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Don’t stress about exams!

25 May 2017

Exam season is in full flow, and we all know how stressful it can seem. But simple practical considerations can make a big difference.

From ensuring your child gets enough sleep, to checking they’re using the best revision techniques – we’ve rounded up our favourite tips on how to keep your child cool, calm and achieving their best.

1. Don’t sacrifice sleep for study

As a parent, ensuring your child gets enough sleep is perhaps the most vital thing you can do at this time. The National Sleep Foundation recommends GCSE and A-level students get nine hours sleep a night. And research suggests there’s a strong positive relationship between exam results and getting a regular night’s sleep: about half a grade improvement per subject!

Students are often tempted to sacrifice a night’s sleep to do extra revision. But this is a mistake, particularly on the night before an exam. Lisa Artis from the Sleep Council says, ‘When you sleep well, you function and perform better and your memory is better, meaning you retain what you have revised.’

Other common sleep mistakes include going to bed at different times, waiting to feel tired before going to bed and drinking caffeine late into the night. And if your child is feeling anxious and finding it hard to sleep, you can find advice here.

2. Make sure they’re using effective revision techniques

Not all revision techniques work; studies show that re-reading and highlighting are not effective. More efficient methods include spacing, interleaving and testing. Find out about them here.

3. Help set realistic study deadlines

Nobel Prize-winning psychologist Daniel Kahnemann first identified the ‘planning fallacy’ that says we all tend to underestimate the time needed to complete a task. And it applies to students in particular. Work with your child now to help them set realistic and clearly defined revision deadlines, to help avoid nagging later!

4. Get them started!

Much research has found that once someone starts a task – even if just for 10 minutes – they become more motivated to get it finished. It’s called the Zeigarnik effect. So encouraging your child to make a start – however brief – sets them on the road to success.

5. Feed them brain food

Stress, anxiety and late-night cramming can all affect appetite, but parents can help ensure children maintain a well-balanced diet and aren’t missing meals. Nutritionists recommend making breakfast the most important meal of the day, filling up on energy-giving oats and eggs, which contain a nutrient called choline - thought to help cognitive performance and improve memory. For revision snacks, try popcorn rather than crisps – it’s higher in fibre, releasing energy more slowly. You can find suggestions for perfect exam day breakfasts here.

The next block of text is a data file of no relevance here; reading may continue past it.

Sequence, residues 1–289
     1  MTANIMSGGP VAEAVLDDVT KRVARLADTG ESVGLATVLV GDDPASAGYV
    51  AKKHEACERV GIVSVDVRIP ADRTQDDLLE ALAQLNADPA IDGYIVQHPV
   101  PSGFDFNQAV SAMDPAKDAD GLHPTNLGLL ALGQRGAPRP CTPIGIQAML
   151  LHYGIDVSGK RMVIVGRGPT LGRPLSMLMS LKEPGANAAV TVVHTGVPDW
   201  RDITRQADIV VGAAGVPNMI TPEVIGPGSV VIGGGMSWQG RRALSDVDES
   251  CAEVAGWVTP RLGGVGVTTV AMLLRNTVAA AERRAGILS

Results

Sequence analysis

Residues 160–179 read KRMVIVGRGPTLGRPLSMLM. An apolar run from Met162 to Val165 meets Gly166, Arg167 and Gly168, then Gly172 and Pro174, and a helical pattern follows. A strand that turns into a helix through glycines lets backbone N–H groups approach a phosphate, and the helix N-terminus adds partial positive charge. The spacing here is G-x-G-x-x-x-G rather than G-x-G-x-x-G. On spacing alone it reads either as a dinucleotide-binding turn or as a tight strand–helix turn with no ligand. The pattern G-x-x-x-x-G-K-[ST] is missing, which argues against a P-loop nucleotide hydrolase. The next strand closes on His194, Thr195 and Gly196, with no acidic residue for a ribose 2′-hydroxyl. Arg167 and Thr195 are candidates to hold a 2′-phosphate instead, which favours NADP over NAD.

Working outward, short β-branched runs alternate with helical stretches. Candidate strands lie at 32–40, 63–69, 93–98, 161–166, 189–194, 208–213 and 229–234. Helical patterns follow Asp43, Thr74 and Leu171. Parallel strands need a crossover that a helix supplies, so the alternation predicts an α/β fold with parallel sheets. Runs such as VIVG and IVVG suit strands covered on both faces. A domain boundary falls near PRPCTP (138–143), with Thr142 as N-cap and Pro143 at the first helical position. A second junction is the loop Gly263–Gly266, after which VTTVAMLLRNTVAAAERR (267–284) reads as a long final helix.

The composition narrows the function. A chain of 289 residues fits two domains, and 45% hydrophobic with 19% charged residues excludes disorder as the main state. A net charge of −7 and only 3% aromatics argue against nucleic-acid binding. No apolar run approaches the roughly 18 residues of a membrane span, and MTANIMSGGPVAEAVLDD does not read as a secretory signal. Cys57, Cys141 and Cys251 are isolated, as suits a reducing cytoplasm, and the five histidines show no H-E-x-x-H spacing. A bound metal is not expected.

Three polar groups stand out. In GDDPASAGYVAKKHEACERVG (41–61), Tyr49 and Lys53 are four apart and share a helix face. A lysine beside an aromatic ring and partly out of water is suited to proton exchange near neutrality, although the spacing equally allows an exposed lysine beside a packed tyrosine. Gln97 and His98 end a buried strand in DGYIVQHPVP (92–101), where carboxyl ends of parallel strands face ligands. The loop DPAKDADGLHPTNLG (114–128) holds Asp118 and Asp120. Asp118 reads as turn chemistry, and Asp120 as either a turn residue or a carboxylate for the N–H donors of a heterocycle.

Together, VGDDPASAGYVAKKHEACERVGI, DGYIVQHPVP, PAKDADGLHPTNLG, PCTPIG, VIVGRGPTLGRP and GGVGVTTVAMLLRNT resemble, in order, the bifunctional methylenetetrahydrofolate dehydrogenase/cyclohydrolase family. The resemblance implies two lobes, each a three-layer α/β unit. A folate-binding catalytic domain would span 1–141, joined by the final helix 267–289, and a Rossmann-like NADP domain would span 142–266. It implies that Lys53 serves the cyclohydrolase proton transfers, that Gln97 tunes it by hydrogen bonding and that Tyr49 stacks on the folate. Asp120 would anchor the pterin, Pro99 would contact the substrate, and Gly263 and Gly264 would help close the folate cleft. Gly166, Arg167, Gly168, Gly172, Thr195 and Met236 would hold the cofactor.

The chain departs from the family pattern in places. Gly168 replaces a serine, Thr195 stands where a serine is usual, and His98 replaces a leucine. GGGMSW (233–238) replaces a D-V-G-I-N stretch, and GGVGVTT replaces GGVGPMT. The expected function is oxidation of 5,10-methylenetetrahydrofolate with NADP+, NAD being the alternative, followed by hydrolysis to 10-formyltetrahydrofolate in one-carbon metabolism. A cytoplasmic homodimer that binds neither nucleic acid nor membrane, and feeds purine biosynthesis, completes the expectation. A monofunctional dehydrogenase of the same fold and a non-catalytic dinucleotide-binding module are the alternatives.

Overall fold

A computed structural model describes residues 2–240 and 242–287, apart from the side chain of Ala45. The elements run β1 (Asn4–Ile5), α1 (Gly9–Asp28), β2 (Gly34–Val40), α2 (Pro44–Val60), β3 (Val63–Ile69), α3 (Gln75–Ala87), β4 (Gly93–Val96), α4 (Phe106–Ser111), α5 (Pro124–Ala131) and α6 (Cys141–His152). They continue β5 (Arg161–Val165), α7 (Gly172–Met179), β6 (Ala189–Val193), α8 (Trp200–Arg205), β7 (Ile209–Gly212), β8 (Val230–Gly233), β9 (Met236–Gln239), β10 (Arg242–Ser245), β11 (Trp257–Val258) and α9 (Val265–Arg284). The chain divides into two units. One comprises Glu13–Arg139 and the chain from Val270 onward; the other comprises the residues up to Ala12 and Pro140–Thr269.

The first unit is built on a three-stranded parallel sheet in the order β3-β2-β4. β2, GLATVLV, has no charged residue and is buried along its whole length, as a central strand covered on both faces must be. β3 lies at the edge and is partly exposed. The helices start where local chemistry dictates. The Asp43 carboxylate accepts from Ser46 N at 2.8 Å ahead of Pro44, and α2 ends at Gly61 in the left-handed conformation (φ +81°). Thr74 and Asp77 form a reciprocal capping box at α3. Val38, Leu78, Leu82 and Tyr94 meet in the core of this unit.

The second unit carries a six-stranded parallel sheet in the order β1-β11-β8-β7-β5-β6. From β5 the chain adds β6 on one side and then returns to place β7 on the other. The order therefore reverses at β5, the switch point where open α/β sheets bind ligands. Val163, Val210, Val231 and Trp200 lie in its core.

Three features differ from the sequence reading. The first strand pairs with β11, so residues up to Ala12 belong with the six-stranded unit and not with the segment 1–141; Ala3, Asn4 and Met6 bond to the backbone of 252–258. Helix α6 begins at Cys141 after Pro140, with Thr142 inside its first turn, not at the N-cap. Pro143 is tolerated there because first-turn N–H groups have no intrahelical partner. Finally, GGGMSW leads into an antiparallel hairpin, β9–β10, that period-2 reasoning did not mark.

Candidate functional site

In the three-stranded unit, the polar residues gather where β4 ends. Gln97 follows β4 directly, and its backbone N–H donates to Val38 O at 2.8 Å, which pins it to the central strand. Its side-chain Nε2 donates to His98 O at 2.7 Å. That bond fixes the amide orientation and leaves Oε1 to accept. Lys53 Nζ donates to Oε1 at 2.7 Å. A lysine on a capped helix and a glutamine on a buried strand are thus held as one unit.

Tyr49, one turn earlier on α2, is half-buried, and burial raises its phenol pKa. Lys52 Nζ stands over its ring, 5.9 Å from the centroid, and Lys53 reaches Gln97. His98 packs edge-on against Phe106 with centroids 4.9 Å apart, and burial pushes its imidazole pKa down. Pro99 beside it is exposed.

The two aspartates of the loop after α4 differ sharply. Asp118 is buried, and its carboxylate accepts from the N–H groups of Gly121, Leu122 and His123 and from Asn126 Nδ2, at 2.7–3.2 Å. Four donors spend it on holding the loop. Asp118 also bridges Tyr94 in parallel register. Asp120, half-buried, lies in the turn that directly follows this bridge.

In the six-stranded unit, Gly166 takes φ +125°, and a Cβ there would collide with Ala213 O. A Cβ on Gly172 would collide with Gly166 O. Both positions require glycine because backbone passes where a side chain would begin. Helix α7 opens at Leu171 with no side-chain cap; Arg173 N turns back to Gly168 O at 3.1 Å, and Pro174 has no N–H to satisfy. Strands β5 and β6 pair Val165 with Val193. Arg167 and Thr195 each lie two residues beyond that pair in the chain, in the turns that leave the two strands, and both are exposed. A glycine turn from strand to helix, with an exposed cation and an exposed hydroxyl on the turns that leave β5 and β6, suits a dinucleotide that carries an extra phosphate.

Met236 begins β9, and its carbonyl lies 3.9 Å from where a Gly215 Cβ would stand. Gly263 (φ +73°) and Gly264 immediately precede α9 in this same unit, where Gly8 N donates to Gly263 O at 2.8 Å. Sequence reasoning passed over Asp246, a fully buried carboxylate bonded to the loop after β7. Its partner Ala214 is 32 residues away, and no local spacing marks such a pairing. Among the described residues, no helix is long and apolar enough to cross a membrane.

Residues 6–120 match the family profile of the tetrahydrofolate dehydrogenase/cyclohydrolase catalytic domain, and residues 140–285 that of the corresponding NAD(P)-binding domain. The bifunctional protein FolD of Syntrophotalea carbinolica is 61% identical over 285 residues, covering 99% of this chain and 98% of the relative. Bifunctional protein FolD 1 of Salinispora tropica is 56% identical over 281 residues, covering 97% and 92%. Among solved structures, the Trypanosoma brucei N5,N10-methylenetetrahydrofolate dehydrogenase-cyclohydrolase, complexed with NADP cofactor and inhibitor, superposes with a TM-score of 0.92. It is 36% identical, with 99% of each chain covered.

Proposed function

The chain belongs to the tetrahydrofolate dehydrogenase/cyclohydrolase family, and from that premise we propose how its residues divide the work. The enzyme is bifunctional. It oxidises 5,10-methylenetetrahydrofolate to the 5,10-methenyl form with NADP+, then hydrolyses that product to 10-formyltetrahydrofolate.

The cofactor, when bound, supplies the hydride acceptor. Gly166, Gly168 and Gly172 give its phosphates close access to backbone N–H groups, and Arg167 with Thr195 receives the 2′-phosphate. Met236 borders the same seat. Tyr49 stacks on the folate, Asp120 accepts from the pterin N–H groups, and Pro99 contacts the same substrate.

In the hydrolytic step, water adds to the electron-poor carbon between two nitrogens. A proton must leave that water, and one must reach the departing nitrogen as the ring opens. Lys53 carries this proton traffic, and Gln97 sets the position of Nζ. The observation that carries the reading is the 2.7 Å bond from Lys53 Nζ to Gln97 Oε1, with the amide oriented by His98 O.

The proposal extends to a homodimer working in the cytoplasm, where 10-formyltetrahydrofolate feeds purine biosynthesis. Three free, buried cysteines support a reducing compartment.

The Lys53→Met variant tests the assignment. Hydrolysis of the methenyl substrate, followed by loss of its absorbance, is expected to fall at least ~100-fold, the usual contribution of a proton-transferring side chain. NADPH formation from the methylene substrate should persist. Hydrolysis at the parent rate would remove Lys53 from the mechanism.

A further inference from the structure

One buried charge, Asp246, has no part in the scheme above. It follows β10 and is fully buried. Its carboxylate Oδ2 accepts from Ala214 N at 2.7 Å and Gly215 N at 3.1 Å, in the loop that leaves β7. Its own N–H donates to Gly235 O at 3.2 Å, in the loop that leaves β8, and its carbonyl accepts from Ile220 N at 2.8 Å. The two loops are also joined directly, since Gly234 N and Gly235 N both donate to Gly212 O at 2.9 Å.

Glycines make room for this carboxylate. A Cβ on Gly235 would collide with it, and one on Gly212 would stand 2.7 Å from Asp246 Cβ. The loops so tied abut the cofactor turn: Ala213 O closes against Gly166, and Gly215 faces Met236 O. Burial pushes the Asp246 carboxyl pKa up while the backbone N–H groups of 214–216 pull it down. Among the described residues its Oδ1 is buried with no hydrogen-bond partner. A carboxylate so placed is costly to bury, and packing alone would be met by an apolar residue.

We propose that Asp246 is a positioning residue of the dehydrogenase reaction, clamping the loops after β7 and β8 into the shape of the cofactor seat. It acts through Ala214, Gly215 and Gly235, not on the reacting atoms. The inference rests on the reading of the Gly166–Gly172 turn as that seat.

6. Keep them well hydrated

There’s evidence that drinking water improves cognitive ability, helps alleviate anxiety, and can even help with exam performance. Make sure your child is getting enough – find out more here.

7. Shoo them out of the house for breaks!

Encourage your child to take a break outdoors at least once each day. Being in nature helps, too. A recent experiment on study breaks found that students who took a break in natural surroundings felt more refreshed and performed 20% better on returning to their work.

8. Support v pressure?

It’s important to find ways of being supportive without being imposing when your child’s already feeling under pressure. Clinical psychologist Dr Rachel Andrew advises ‘A moderate level of anxiety will help us perform, but beyond that, we start to be impaired by it.’ She advises parents, ‘look after your teenagers almost as you would a younger child, to nurture them through this time. This can be anything from preparing their favourite dinners to offering to run them a bath. Give them permission to take a break from revision in between working hard.’

More resources

If you found these tips helpful, check out the resources below:

Exam stress: a revision guide

Mindmaps, mnemonics and other memory techniques

Five proven hacks to help students tackle revision

Helping students survive the exam season

Revision: what to do if you’ve left it late!